They’re so lightweight – you’re unlikely to catch one heavier than a pound in weight – that you might struggle even to notice you have a catch. Meanwhile, reeling one in isn’t usually a huge job either, as they don’t tend to offer too much resistance.
Neither will you need lots of fancy equipment to go crappie fishing. I’ll go into greater detail about the best equipment for crappie fishing shortly, but suffice to say, you can get away with the most rudimentary equipment while fishing and still expect to make a decent catch.
Finally, crappie is great to eat. They have delicate, white, and flaky flesh that tastes pleasant on its own or as part of various dishes. So, as far as tasty, abundant, and versatile protein sources go, they don’t come much better than crappie.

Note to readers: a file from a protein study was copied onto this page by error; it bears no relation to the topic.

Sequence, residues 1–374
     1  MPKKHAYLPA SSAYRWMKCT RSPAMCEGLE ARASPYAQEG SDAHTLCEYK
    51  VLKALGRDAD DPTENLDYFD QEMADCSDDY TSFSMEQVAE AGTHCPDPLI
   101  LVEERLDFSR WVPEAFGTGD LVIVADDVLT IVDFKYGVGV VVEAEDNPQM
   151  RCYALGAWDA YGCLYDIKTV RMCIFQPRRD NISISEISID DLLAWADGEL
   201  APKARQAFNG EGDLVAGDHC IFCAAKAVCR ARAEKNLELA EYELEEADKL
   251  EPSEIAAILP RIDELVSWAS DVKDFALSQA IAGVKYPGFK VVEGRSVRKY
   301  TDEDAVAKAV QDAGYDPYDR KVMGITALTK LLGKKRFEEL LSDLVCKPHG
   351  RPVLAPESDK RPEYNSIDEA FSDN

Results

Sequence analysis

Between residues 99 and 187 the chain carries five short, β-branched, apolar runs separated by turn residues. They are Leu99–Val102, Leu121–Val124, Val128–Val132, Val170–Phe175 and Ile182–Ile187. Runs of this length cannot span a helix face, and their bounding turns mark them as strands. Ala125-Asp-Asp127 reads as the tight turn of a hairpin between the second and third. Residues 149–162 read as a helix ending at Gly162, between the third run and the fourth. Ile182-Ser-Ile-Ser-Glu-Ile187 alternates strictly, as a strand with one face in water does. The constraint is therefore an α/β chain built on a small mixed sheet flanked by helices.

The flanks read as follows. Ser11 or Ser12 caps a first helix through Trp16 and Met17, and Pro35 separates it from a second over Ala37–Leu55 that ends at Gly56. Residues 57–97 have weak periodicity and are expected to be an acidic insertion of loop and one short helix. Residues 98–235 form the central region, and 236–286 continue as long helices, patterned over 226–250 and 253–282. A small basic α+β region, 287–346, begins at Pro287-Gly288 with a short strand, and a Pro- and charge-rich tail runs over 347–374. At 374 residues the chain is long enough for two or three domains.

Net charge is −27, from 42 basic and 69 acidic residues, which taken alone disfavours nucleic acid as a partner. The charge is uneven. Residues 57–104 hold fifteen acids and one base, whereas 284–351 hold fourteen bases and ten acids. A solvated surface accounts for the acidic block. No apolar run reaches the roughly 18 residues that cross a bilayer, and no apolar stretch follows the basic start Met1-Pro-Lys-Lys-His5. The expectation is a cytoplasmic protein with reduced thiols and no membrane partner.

This potent combination of qualities makes them perfect for anglers of any experience. However, there are still several important things you need to consider to ensure the best chance of a productive day (or night) fishing for crappie.
Equipment You’ll Need For Crappie Fishing
As I mentioned earlier, because crappie is so easy to catch, expensive equipment isn’t necessary. Having said that, some items are better suited to fishing for crappie than others. Let’s take a look at some of them:
Spinners are excellent lures for these fish but opt for the smaller ones for the best results. I’ve had good results from this one.
Where it comes to live bait, crappie isn’t particularly fussy. You don’t need to worry about a particular color, and most things’ll tempt them. Minnows make for particularly effective live bait, but worms and insects will do the job too.
A jig with a feathery tail and furry body is excellent for enticing crappie hiding in weeds and reeds. This one, available from Bass Pro, will do the job nicely.